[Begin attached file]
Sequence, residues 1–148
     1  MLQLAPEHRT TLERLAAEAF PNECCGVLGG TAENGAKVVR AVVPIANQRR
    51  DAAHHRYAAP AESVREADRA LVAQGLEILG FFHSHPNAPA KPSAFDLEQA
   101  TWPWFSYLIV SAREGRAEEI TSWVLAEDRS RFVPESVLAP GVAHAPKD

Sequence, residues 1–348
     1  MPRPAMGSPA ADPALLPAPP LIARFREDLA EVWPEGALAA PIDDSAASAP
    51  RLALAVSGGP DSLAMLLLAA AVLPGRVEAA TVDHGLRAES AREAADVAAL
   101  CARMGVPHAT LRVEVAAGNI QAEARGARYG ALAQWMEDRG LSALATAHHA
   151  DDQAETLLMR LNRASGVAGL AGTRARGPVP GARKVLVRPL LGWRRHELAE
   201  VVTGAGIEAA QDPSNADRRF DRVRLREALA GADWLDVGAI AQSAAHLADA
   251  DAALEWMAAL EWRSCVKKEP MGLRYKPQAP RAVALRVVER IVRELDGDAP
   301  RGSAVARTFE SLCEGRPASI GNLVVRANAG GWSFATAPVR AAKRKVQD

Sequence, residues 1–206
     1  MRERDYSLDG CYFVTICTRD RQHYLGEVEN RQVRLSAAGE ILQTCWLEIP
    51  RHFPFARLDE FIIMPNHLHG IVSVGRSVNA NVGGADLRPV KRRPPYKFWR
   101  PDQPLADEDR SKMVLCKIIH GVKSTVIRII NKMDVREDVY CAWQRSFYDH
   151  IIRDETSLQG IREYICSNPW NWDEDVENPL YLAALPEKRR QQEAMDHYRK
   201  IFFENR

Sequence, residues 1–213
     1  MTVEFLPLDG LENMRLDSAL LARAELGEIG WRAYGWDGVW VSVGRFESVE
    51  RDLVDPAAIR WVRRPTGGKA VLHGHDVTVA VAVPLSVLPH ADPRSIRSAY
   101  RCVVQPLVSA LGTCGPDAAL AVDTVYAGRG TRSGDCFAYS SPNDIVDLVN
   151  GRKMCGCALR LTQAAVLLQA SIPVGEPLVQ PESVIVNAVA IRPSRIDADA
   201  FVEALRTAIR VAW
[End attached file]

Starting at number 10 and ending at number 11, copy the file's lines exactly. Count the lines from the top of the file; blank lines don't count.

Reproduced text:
   201  VVTGAGIEAA QDPSNADRRF DRVRLREALA GADWLDVGAI AQSAAHLADA
   251  DAALEWMAAL EWRSCVKKEP MGLRYKPQAP RAVALRVVER IVRELDGDAP